Silver Book Fact

A recent study found that more postmenopausal women who took the drug denosumab gained at least 3% of bone mass at the hip and spine than those who took alendronate. The study followed about 1,200 women with low bone mass for over a year.

Direct Comparison of Changes in Bone Density and Bone Turnover Markers in Postmenopausal Women With Low Bone Mass Treated With 6-monthly Denosumab or Weekly Alendronate. http://www.rheumatology.org/press/2008/2008_press_14.asp. Published October 2008

Reference

Title
Direct Comparison of Changes in Bone Density and Bone Turnover Markers in Postmenopausal Women With Low Bone Mass Treated With 6-monthly Denosumab or Weekly Alendronate
Publication Date
Published October 2008
Authors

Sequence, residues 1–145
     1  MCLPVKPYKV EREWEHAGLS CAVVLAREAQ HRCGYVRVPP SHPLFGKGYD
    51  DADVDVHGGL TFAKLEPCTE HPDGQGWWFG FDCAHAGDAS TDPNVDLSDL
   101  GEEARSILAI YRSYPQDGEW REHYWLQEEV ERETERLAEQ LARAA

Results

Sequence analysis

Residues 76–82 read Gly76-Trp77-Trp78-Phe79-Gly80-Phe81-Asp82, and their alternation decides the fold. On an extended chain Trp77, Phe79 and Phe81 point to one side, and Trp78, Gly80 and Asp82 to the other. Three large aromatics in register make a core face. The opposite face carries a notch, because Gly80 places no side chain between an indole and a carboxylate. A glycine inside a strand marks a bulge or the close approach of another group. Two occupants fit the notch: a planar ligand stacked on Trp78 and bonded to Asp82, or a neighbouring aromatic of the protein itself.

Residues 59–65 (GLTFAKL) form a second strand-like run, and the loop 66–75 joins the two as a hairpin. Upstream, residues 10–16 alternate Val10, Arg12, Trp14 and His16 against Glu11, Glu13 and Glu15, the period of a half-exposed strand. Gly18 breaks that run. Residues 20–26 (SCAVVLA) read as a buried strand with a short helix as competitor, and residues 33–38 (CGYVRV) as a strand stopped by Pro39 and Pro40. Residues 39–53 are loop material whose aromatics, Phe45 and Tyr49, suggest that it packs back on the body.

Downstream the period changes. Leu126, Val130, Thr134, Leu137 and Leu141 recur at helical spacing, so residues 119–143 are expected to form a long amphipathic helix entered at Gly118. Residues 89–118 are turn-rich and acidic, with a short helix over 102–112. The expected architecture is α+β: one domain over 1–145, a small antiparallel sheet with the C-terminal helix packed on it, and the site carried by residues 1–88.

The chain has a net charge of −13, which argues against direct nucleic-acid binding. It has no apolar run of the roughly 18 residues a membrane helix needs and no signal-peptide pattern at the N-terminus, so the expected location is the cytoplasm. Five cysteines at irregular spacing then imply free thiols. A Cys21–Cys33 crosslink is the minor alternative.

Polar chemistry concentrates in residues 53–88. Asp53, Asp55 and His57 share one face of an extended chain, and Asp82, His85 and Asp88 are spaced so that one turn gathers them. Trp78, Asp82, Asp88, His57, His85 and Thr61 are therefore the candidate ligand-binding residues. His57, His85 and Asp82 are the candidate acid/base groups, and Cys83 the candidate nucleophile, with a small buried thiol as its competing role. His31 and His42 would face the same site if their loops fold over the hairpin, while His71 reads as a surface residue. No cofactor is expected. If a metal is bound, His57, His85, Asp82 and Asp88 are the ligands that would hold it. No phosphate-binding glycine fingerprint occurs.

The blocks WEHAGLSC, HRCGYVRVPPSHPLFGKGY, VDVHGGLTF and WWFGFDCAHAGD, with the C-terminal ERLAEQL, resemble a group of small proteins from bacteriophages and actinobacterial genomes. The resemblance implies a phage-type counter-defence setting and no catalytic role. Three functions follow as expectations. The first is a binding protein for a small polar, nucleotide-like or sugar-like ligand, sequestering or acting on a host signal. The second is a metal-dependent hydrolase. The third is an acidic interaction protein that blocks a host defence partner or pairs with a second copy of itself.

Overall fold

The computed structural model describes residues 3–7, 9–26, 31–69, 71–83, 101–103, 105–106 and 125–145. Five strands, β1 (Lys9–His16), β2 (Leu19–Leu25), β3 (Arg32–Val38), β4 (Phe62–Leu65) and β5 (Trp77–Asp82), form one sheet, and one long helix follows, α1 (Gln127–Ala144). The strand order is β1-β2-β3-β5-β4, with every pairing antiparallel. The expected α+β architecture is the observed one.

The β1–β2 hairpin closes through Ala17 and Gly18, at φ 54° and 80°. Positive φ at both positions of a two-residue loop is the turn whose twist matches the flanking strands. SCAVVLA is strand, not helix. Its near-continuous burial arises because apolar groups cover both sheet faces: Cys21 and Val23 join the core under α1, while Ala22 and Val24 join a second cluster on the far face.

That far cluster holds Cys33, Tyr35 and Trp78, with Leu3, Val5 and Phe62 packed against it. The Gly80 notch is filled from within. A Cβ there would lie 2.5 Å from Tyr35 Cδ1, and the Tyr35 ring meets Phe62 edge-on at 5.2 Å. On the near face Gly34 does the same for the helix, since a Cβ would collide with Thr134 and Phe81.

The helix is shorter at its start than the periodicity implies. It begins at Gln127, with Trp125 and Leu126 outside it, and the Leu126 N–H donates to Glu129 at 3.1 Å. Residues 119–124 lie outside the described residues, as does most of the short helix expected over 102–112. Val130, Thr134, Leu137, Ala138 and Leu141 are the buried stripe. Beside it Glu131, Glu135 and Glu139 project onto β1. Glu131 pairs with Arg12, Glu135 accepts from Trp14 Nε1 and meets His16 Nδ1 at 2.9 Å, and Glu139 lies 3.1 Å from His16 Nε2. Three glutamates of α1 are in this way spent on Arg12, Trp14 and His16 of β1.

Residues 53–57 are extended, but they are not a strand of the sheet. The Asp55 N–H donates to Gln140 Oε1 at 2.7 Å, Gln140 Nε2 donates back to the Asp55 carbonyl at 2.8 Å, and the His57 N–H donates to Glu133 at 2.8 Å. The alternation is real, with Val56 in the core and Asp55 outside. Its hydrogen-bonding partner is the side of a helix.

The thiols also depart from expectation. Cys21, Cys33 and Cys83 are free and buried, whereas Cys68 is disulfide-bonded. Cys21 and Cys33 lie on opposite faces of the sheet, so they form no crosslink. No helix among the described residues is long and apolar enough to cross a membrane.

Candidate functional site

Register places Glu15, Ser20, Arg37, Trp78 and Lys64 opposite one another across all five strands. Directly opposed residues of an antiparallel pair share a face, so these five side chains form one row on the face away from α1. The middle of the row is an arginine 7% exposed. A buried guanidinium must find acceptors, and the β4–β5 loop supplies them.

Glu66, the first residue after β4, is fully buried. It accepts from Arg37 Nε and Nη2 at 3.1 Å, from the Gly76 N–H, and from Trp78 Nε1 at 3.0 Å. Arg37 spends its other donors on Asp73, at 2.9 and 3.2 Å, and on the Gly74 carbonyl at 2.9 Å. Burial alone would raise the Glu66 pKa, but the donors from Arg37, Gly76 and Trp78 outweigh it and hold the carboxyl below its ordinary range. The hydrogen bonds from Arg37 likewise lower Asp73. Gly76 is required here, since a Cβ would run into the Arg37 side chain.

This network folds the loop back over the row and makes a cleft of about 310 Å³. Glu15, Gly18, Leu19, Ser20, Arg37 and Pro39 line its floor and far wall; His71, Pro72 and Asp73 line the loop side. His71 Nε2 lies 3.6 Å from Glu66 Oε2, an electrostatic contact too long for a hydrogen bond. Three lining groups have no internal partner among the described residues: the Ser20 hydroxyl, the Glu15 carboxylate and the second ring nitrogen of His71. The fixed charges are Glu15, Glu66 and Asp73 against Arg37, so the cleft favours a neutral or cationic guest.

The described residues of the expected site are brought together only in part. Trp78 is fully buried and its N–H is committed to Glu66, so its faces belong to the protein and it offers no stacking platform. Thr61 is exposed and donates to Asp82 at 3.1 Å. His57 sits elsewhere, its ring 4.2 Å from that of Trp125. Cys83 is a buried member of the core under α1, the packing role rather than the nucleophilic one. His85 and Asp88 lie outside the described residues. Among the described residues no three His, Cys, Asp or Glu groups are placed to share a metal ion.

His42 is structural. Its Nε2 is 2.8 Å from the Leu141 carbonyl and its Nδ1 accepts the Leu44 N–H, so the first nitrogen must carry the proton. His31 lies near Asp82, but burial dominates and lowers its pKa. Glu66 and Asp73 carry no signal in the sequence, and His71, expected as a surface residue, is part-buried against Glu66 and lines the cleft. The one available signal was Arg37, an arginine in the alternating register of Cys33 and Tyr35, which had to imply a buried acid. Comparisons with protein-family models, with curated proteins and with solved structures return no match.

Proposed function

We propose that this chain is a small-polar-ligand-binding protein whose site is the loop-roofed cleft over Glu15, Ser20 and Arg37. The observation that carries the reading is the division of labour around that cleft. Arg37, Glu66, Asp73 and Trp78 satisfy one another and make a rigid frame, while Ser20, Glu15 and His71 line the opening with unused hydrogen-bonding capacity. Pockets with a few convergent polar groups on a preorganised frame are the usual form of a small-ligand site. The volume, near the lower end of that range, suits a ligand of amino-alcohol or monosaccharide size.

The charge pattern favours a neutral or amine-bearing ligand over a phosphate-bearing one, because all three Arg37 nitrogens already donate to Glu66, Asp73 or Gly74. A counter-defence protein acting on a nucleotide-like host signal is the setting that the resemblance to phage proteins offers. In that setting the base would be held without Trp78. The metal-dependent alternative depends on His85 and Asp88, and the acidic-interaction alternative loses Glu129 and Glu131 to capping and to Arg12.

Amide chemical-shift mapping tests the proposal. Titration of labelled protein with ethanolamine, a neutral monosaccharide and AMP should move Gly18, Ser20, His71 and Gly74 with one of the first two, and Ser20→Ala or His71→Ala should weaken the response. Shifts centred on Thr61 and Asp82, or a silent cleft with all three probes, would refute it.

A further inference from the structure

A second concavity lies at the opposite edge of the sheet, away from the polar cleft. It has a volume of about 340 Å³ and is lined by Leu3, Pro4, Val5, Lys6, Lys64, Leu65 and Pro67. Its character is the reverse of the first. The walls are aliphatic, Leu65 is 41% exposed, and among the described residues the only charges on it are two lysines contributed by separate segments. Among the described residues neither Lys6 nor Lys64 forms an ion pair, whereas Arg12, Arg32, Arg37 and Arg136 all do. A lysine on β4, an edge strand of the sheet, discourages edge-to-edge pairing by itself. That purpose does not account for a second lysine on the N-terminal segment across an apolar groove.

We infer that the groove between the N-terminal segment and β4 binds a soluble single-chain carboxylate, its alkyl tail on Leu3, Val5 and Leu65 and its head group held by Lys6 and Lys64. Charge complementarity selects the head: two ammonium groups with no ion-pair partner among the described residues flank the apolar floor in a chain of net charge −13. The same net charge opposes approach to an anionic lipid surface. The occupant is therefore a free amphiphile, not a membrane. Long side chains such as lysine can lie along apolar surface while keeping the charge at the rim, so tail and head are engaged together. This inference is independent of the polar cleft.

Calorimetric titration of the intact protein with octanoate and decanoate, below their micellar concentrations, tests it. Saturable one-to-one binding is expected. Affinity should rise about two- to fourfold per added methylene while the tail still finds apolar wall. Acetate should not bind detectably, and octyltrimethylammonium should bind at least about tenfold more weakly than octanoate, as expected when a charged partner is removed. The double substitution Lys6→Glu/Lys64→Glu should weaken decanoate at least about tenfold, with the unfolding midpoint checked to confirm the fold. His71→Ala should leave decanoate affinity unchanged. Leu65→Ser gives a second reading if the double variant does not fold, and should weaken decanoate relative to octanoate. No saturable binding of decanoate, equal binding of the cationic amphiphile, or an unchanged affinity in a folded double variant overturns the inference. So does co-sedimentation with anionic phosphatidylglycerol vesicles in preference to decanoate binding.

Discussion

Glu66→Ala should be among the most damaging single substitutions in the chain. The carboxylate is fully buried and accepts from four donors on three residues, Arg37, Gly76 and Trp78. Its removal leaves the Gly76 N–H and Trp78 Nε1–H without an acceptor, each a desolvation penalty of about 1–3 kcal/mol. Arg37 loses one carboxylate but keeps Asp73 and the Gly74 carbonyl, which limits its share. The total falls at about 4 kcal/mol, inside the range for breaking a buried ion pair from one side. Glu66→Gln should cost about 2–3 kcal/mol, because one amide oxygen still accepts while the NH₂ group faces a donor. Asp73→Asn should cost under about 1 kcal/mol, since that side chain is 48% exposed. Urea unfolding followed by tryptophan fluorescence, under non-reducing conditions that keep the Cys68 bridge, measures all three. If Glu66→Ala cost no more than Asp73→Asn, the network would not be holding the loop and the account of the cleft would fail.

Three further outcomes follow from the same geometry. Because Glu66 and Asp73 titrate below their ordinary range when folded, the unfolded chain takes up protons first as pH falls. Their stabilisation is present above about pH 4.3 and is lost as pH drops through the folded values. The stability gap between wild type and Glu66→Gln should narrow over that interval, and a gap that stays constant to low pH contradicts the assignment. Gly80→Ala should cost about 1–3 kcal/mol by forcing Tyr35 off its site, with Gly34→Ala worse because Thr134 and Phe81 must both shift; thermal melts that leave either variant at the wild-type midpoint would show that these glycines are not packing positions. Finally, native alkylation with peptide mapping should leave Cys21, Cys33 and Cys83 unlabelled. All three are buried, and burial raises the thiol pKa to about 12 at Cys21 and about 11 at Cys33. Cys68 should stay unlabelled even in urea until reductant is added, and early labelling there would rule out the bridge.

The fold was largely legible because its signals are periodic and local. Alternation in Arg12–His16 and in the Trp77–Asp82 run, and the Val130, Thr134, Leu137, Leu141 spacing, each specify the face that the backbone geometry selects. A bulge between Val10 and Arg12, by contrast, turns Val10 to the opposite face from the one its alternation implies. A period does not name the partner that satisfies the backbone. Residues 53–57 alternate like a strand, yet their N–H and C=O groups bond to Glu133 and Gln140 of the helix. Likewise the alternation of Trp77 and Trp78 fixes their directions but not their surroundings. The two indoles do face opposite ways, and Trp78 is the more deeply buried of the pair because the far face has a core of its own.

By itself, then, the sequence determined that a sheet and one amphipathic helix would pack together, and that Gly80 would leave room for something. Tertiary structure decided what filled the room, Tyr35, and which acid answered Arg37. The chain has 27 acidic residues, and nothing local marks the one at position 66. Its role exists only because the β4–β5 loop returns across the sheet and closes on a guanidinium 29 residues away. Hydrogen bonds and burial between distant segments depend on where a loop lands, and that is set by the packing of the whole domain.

Deal, Chad, Jacques Brown, Robert Recker, Richard Prince, Douglas Kiel, Jose Ã?lvaro-Gracia, Luiz de Gregorio, Peyman Hadji, Lorenz Hofbauer, Huei Wang, Matthew Austin, Richard Newmark, Cesar Libanati, Rachel Wagman, Javier San Martin, Henry Bone
URL
Read Full Resource

Categories

  • Innovative Medical Research
  • Future Value

Related Facts

  • Ibandronate, a bisphosphonate, taken daily has been shown to reduce the risk of new vertebral fractures by around 62%.  
  • A study that looked at a combination of calcium and Vitamin D found that hip fractures were reduced by around 43%.  
  • An increase in bone mineral density (BMD) testing and osteoporosis treatment was associated with a decrease in hip fracture incidence.  
  • Hip fracture prevention in at-risk, postmenopausal women saves $333 million annually.  
  • Raloxifene, a selective estrogen receptor modulator (SERM), has been shown to decrease vertebral fractures by up to 50% after 3 years.